The so-called 130/30 strategy, which has gained a lot of attention among mutual funds, is now being unveiled in an exchange traded fund.
If the term is unfamiliar, it means investing 100% of the assets of a fund and going short 30%, and taking the proceeds from those short sales to go long an additional 30%. The strategy is to put that extra 30% in stocks that may outperform a benchmark index and sell short shares that ought to lag the same benchmark. The goal is to add alpha, or outperformance versus an index. The new
ProShares Credit Suisse 130/30
will try to add alpha by buying an S&P 500 Index fund.
The index underlying the fund will overweight certain S&P 500 components and sell short others, based on a proprietary model constructed by Massachusetts Institute of Technology finance professor Andrew Lo and Pankaj Patel, director of quantitative research at
. As there's been a lot of volatility, there is money to be made. S&P 500 members
have surged 161% and 111% this year, respectively, while
have tumbled 51% and 53%.
As the benchmark index for the fund is the S&P 500, it owns (or shorts) only stocks in that index. Because of that, there isn't much to glean from individual stocks; the single largest short accounts for only 1.3% of the fund. The sector weightings are more interesting. Of the 30% short, 19% is technology.
That's curious because the
iShares DJ US Technology Index Fund
has risen more than 30% since the March stock-market low, compared with the S&P 500's 25% gain. The fund also has large short positions in financials, consumer cyclicals and materials. Given the quarterly reshuffle, the fund is subject to heavy shorting in those sectors (except financials, perhaps). Problem is, those industries typically lead recoveries, which could be setting up the fund to lag. That all depends, however, on the shorting acumen of the process, and since it's proprietary, it boils down to faith in Lo and Patel.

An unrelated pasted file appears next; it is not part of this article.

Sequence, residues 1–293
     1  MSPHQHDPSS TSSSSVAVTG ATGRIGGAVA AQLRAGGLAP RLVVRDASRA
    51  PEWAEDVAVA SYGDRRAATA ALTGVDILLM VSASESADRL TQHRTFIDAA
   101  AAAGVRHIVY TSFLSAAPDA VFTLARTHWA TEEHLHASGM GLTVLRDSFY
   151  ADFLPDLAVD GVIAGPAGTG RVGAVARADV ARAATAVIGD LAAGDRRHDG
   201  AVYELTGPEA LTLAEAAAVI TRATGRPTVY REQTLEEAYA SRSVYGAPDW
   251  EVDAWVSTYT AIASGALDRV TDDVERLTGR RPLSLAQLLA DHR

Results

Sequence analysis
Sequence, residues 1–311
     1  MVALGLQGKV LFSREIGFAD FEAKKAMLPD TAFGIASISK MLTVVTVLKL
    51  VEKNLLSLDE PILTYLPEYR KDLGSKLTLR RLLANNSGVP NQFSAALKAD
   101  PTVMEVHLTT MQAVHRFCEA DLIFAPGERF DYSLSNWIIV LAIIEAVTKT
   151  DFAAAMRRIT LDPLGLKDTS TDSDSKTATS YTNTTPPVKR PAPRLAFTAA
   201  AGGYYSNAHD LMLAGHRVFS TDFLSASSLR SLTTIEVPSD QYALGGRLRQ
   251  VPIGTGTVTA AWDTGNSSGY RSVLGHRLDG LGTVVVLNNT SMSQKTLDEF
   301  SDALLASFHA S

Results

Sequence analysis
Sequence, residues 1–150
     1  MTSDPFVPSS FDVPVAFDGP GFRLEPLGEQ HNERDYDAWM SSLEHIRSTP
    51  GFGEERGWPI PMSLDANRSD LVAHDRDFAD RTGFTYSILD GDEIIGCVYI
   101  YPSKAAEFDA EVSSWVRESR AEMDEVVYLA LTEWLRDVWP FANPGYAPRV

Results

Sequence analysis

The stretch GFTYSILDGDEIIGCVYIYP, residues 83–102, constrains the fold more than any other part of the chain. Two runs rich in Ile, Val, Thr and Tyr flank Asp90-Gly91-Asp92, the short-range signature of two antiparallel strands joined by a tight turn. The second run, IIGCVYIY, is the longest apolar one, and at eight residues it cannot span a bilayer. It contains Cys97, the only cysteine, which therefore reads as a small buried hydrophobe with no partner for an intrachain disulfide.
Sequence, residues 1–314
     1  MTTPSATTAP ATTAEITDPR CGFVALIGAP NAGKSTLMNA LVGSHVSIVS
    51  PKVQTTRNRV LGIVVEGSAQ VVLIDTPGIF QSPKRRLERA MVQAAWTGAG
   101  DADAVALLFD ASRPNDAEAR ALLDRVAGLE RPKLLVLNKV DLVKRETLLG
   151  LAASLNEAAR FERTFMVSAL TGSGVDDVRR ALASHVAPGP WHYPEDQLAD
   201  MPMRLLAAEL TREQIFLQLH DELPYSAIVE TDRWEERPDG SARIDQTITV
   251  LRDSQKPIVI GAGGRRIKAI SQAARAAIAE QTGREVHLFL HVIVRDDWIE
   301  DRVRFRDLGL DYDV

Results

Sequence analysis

There is also one important mechanics issue to be familiar with. The fund's 30% short and 30% "extra" long positions will come in the form of swap agreements and forward contracts, which create counter-party risk. That adds an element of uncertainty, even though ProShares have proven itself more than capable in this area.
The ProShares Credit Suisse 130/30 fund falls under the realm of actively managed funds. Most ETFs are static, save for price fluctuations of the components. This makes using ETFs easy because you know what a fund owns now and what it will own in six months. That attribute has contributed to ETFs growing much faster than traditional mutual funds during this decade. But that's not the case with actively managed products. One byproduct of building portfolios with actively managed mutual funds is that, because of the lag in reporting holdings, investors often ended up being grossly overweight in sectors, such as tech in 2000 and financials in 2007. ETF transparency mitigates that issue, but investors still need to take time to look at their fund holdings periodically.
The importance of that issue, or the lack of regard for it, will determine whether actively managed ETFs ever gain traction.
At the time of publication, IYW was a client holding.
Roger Nusbaum is a portfolio manager with Your Source Financial of Phoenix, and the author of Random Roger's Big Picture Blog. Under no circumstances does the information in this column represent a recommendation to buy or sell stocks. Nusbaum appreciates your feedback;
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